While people remember Downey Jr's performance in this film as one tongue-tied with Val Kilmer's unwilling partner Gay Perry – all snappy dialogue and repartee – it also delivers powerful moments of real thesping. Even forgetting the genuine level of panic and dread that he puts into Harry's 'method acting' audition at the start of the film, there’s also a scene much later on in which Downey Jr's Harry remains motionless under a bed, face-to-face with a girl who has just been needlessly murdered, watching as the life drains from her face. Downey Jr's harrowing reaction in this moment, a visible response to the flood of atrocity he has witnessed thus far, culminating in a mental snap and a violent backlash at the senselessness of it all, is as compelling a scene as he has ever performed. It lends emotional heft to an otherwise mostly comic character, and adds weight to the violence and death that other action films so easily gloss over.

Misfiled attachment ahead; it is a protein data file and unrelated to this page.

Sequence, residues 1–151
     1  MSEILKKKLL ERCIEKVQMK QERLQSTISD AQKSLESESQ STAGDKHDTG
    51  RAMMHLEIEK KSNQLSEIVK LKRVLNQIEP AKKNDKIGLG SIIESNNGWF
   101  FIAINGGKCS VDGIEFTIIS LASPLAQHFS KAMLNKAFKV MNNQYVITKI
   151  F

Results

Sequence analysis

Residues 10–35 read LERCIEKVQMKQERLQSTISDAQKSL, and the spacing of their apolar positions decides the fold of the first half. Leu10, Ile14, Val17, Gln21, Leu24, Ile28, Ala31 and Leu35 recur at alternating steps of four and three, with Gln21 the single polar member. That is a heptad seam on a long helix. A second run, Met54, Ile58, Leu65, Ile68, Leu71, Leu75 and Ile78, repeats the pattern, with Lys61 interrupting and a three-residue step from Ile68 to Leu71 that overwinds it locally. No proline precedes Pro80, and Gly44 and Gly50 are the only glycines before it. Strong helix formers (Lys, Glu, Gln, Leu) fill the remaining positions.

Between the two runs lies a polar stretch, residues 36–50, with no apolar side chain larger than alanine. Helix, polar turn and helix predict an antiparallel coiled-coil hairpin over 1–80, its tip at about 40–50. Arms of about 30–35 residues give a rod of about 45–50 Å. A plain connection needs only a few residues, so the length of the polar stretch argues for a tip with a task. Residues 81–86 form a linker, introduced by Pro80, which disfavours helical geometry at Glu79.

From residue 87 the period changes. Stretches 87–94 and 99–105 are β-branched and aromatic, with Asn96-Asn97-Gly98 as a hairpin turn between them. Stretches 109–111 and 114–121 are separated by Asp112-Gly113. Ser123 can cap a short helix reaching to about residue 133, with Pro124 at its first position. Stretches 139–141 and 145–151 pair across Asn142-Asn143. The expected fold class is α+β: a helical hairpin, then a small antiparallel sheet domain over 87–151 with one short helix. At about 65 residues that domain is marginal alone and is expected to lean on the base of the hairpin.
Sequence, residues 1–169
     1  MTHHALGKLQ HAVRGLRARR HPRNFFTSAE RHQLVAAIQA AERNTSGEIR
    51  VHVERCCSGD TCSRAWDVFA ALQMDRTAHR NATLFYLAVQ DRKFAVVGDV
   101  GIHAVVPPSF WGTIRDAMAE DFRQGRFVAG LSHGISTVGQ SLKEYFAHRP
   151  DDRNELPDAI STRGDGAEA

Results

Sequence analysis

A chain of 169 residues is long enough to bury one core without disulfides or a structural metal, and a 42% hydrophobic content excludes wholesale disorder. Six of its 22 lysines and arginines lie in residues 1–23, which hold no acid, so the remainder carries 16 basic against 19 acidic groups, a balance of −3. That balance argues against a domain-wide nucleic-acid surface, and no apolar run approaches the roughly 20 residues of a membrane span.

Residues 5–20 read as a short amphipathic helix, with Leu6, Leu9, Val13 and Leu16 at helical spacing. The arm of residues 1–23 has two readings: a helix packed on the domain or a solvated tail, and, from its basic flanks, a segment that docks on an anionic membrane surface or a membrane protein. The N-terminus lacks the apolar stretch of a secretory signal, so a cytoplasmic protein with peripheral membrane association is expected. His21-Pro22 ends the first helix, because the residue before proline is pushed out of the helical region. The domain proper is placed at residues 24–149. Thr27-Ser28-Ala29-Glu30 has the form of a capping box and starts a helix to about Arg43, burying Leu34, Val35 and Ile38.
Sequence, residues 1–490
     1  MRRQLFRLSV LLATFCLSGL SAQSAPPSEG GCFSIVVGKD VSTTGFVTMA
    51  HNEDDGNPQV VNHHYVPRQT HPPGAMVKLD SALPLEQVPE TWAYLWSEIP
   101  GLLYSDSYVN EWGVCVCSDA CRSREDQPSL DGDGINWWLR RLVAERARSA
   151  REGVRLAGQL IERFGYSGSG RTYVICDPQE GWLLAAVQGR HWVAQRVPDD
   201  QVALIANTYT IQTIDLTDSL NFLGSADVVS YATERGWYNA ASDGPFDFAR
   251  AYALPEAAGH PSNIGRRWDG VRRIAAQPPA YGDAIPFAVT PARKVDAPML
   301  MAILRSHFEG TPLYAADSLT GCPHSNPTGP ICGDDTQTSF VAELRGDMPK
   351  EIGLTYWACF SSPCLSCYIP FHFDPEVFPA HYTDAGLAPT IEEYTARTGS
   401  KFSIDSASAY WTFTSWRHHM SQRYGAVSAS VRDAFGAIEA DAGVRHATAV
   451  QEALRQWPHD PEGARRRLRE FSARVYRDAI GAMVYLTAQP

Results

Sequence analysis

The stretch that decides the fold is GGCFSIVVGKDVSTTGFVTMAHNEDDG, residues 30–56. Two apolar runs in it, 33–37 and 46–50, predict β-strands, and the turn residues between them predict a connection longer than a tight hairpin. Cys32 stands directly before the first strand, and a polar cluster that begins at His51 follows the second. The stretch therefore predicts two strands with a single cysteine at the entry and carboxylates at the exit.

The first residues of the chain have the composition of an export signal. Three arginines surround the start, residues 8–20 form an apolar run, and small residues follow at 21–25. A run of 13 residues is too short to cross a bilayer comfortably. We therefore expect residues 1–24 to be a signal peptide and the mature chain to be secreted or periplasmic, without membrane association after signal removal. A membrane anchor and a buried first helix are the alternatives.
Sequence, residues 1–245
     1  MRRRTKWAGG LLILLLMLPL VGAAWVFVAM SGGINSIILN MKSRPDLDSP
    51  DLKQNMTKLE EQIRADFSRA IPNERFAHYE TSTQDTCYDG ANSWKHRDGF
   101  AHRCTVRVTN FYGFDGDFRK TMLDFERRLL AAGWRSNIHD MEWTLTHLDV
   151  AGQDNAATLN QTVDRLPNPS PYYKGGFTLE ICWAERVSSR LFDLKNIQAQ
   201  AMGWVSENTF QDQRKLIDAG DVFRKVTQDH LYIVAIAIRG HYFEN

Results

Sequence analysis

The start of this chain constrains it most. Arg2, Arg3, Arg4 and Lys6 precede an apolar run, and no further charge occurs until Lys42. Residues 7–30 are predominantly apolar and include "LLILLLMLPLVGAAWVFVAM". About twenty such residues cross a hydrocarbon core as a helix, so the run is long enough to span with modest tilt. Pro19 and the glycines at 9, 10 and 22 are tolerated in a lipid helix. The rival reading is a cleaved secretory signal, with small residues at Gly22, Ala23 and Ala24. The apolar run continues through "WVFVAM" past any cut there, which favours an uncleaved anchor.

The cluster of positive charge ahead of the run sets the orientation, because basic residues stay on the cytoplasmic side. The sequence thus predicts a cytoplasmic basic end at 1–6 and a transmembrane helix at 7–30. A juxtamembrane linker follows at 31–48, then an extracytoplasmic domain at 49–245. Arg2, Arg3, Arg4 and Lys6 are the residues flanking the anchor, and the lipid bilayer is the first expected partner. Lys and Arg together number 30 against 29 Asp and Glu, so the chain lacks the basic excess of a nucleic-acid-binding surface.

It's no surprise that, while promoting Iron Man 3 (which of course reteamed Downey Jr with Shane Black), the actor told Empire: "It's hard for me to watch Kiss Kiss Bang Bang and not get nostalgic about it. It's not perfect but in some ways, I think it's the best thing I've ever done." I have to say, I agree with him. But then, what do I know? I'm a bear. I suck the heads off of fish.
Yes, that was another line.
#10: The Cabin In The Woods by Matt